Ipsos Insight has issued new research which shows that 20 per cent of US residents over 12 now own an MP3 player, underlining what a mass market device it has become.

The figure shows a 15 per cent rise in the installed base of digital music users, and is double the level of use revealed in a 2003 survey.

Teenagers account for 50 per cent of all sales, with 30 per cent within US adults between 18-34 owning a player. 13 per cent of adults aged between 35-54 also own a digital music player.

As predicted, iPods lead the field, with teenagers particularly interested in video-capable models. Interestingly, 6 per cent of US residents own more than one player.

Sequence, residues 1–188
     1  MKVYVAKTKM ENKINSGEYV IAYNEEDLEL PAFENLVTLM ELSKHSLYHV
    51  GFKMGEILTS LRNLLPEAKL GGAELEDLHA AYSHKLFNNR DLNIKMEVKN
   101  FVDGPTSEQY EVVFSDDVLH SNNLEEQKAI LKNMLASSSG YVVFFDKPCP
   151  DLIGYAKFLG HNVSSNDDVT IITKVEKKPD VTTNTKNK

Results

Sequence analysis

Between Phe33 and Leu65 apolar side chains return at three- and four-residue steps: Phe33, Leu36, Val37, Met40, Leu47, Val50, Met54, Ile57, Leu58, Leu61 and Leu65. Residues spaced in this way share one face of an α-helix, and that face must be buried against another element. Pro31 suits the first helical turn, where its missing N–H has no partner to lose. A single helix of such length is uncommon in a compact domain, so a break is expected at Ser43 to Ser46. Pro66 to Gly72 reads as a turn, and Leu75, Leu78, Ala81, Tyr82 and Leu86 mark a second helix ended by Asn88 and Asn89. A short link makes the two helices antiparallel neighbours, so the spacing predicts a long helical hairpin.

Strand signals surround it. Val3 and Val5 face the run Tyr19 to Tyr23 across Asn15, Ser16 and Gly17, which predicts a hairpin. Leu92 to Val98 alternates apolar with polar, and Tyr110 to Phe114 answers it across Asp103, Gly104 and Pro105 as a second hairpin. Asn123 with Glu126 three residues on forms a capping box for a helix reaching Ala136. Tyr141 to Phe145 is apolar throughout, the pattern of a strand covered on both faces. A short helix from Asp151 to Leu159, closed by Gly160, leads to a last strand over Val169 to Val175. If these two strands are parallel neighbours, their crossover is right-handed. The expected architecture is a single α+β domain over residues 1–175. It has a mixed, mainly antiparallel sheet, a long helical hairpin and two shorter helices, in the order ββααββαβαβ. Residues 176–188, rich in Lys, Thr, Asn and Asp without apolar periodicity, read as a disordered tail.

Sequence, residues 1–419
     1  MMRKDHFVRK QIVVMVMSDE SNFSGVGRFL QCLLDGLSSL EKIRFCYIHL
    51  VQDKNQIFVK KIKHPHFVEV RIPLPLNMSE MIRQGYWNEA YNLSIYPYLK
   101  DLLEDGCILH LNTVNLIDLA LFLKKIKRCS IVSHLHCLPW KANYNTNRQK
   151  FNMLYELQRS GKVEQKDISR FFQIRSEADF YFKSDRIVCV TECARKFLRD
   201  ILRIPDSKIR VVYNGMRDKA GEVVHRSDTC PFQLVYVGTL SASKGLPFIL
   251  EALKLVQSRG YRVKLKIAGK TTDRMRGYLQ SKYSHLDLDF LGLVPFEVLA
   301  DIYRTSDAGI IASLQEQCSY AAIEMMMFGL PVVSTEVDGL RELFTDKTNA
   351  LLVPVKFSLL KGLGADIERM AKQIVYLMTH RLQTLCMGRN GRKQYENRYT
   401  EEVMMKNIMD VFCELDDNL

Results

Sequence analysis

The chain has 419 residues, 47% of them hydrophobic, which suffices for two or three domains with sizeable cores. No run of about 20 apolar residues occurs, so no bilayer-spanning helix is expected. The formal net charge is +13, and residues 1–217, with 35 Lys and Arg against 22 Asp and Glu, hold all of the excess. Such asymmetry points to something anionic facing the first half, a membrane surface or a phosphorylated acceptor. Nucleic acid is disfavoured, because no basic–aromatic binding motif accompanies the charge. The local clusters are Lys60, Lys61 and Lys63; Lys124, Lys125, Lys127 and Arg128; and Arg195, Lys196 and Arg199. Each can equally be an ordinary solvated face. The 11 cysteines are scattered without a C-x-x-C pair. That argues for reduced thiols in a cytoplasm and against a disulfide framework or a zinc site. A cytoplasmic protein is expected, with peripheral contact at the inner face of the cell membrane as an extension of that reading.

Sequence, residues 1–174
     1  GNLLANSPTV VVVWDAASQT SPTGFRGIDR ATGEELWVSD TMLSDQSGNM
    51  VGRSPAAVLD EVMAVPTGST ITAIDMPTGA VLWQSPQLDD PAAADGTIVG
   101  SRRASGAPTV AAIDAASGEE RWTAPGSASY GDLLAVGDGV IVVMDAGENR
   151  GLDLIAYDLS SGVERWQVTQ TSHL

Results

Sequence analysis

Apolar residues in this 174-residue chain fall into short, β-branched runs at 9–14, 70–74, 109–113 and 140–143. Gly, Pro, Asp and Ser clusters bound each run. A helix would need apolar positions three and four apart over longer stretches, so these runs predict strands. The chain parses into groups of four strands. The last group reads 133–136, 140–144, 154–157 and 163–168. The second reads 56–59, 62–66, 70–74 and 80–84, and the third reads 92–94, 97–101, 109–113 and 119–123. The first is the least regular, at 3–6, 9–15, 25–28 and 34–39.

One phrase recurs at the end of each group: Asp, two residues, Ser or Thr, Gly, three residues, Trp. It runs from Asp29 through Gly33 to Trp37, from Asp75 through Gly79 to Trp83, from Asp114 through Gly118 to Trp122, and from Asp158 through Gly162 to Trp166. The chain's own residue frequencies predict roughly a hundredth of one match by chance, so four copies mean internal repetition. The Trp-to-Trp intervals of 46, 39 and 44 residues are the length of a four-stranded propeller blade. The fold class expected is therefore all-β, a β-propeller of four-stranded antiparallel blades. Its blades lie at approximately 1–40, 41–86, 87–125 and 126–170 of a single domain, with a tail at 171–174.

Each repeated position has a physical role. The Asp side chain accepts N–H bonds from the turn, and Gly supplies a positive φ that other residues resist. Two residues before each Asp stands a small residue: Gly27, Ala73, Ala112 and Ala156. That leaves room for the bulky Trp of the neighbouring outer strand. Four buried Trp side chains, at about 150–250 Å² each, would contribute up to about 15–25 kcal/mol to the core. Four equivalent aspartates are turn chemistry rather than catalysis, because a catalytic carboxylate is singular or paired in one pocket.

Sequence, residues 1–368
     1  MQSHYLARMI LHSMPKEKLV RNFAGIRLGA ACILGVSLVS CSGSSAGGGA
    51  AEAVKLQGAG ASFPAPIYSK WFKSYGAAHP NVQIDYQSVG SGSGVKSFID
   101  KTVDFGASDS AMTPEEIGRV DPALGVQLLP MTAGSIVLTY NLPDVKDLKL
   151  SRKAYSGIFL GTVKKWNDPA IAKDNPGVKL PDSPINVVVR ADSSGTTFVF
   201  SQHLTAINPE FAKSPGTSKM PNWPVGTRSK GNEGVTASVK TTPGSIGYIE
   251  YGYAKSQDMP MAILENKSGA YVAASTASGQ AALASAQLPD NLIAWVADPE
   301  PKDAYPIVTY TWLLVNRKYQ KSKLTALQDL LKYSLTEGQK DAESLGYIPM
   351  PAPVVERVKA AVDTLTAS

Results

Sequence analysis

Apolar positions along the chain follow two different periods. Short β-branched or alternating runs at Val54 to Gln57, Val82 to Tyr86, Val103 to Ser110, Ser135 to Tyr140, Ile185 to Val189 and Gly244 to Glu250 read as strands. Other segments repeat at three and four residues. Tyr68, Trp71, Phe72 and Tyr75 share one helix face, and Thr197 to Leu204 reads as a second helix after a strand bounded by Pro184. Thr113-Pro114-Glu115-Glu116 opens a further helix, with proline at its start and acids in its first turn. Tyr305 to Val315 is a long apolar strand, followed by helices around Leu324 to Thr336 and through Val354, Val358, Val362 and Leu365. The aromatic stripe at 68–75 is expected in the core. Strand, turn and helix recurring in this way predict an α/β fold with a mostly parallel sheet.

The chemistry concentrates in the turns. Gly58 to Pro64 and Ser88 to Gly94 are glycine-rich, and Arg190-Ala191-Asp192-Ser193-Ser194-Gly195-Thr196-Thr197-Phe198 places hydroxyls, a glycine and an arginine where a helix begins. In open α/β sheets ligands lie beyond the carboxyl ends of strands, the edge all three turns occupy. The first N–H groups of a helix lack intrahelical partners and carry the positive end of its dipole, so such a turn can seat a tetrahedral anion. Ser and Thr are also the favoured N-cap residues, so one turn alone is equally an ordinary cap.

Nearly half of music downloaders own a portable MP3 player (48 per cent), and these owners use their devices an average of 12 hours per week. On average, users have 700 songs stored on their portable music device, with 44 per cent of tracks ripped from CD.

Fee-based downloads (25 per cent) and files obtained from file sharing services (19 per cent) are also common sources of content, the research claims.

"Over the past year, the portable MP3 market has really matured, and we are now seeing not just new buyers entering this market, but also growing levels of multiple device ownership indicative of overall category satisfaction and habitualised behaviour," said Matt Kleinschmit, a pice President with Ipsos Insight.

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